I agree. And not. Vegas is not for everybody. If you lived a sheltered life and don’t know much about the world outside your comfort zone, Vegas is not for you. You will get eaten up and spit out before you knew what just happened. If you have ANY streak of addictive personality, do not go to Vegas. That city is built with money from people like you.
On the other hand, Las Vegas lets you be whatever you want to be and will not judge you. Never.
Having spent some glorious years there, I feel however that those folks do an injustice to Las Vegas, because there is more, much more to Vegas than the strip. Just because your dinner was overpriced and not as good as your last meal on the Calgary tower, does not mean that the whole city is overpriced and full of bad chefs. It’s tough to judge a city by having spent three nights on the most touristy mile in this world.
During my last visit, which was a working visit, I just had to double check if I am blinded by those bright lights and maybe too blue eyed myself? I did not think so and that quick stint just confirmed that Vegas is a great city if you are willing to venture outside your security blanket.
For the very first time, I stayed downtown. When we lived there, we did not even visit downtown, so this was a first. $47.00 USD a night at the Golden Nugget. Taxes included. Did it on Priceline and got a newly renovated room with mountain view.
This was also the very first time I had a chance to see that light show you always hear about. Yes, Freemont Street experience. Compared to Stephen Avenue mall, great. A must see? No. But hold on, wasn’t that a Bryan Adams song? Go Canada!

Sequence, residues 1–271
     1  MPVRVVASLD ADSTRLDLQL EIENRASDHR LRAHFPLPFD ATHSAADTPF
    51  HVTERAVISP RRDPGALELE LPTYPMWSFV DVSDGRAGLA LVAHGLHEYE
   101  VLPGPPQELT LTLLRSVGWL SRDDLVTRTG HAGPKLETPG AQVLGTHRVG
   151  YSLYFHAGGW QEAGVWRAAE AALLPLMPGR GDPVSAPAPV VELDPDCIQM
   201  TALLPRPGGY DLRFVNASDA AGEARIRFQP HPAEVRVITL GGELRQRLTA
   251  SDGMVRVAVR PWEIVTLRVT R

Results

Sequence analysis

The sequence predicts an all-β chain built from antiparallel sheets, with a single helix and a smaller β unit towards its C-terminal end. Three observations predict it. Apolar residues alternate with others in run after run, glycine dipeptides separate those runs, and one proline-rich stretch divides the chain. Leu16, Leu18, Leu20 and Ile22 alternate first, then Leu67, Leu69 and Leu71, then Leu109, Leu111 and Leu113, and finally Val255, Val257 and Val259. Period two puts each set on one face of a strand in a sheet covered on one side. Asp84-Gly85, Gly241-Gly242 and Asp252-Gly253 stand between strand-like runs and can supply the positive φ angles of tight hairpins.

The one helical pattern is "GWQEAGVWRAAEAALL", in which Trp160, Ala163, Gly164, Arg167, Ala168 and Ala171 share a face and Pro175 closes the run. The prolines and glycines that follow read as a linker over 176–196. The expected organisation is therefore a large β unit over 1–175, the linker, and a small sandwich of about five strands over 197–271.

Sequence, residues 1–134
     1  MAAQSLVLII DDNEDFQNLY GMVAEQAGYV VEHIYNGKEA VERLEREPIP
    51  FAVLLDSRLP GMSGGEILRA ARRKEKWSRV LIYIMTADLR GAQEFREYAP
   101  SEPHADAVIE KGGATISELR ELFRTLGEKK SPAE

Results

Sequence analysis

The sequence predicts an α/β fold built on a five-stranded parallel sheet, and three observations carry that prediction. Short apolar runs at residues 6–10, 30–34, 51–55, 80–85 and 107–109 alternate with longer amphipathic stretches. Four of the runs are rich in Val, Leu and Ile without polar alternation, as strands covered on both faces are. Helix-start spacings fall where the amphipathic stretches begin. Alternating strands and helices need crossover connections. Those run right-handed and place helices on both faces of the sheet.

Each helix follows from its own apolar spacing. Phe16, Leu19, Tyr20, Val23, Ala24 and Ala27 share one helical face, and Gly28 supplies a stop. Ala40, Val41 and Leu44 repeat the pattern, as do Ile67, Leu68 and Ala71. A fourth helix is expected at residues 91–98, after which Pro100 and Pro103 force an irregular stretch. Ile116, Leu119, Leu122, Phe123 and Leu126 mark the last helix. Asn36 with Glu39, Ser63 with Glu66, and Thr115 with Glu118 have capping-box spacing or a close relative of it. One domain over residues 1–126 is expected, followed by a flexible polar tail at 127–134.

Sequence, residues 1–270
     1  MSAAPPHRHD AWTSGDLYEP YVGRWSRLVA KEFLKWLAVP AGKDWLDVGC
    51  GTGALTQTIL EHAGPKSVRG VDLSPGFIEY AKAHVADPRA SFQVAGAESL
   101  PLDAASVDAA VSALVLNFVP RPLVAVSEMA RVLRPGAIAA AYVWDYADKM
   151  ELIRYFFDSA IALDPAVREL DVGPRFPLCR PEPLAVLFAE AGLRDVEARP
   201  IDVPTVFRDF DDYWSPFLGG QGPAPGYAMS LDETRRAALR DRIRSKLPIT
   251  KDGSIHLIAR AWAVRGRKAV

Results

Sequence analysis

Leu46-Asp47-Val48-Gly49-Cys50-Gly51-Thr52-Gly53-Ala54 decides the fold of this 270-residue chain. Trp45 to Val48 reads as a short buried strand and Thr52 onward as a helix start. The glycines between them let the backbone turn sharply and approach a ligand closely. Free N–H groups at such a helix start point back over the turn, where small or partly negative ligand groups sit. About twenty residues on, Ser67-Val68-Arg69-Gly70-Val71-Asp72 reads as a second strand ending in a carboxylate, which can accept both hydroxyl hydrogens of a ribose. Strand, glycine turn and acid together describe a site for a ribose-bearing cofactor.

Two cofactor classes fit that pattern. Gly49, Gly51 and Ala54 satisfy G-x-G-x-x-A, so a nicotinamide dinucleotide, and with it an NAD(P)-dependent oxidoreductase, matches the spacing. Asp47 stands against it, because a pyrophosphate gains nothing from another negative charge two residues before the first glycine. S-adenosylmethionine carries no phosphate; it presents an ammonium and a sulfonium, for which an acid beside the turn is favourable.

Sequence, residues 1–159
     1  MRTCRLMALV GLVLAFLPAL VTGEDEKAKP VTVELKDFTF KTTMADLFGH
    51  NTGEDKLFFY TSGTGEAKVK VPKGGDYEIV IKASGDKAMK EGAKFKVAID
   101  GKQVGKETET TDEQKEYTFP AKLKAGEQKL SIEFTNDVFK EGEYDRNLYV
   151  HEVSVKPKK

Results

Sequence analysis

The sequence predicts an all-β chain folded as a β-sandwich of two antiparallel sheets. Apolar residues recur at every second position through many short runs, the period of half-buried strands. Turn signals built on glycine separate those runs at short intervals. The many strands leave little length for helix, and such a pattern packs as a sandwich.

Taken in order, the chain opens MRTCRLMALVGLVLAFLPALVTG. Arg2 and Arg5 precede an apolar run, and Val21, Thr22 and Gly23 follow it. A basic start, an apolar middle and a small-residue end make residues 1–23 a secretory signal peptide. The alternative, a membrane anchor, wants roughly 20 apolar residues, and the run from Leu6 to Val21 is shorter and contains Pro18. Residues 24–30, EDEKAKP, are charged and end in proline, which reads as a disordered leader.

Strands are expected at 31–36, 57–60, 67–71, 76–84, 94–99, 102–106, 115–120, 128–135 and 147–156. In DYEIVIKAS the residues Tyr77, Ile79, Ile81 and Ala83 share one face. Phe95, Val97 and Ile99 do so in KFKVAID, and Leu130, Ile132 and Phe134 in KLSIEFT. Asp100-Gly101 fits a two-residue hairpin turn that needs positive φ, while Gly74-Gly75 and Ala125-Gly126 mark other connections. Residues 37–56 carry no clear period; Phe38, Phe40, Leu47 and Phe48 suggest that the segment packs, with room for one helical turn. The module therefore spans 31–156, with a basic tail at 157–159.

Food. This post would be pages long if I were to write about all my passion of food in Vegas. So I keep it brief and about my last visit there.
Chipotle. Lots of them. The best fast food Mexican and for under 10.00 you are full. Corona included. Yes, a Cerveza.
In-N-Out Burger. Nothing in Canada comes even close. You can keep waxing on about the Burger Bus, it’s a dump. Sorry.
On the mid price side, well, we got Earl’s Joey’s and Cactus Club. In terms of chains. If you were to go there blindfolded, you would not be able to differentiate between any of the three. They might as well amalgamate.
My last evening there, I visited BRIO , a mid size chain serving American Italian food. We only had an hour, so we opted for the bar and appetizers. Happy hour. $2.95 specials for about 8 different appetizers.
What can you get for that here? Supersized fries at McDonalds? There, Carpaccio. Not a big order, however it’s a bargain. Not to mention the flatbread, Bruscetta, sliders, etc. all for $2.95.
I did not want to bring grocery stores into the discussion, but if the Strip is out of your (eating) league, less than two miles (ten bucks in a cab) south of Mandalay Bay is a Whole Foods. Which by the way, we will never get in Calgary. There they have three. Plus four Trader Joe’s and a couple of Cost Plus World Markets.
But then we got the Farmers Market. Great. Finally something Vegas does not have….
On the higher end side of dining, any comparisons are futile. My last fine dining experience in Calgary was on 17th Avenue this spring and while it was a good meal, it left me somewhat disillusioned. It’s not just the food that counts when you spend 150.00/person, the whole atmosphere is supposed to be part of it. And (Yes, one more comparison with Vegas) it just was not there. Sorry to say.
Vegas may be a fantasy, but it sure is a good one. Why don't I move back then if I love it so much you ask? I am happily married to a Canadian, that's why. And it's all about compromise isn't it?
Here are some websites for you to experience Vegas outside the tourist traps and even less expensive:
www.biddingfortravel.com (here you can see what people pay for hotels/cars)
www.traderjoes.com (check the flyers…)
Less than 50.00 a night
A different kind of waterslide.
Brio. Cool place. Inexpensive.
Sitting on a patio, October 8th, no heat lamps...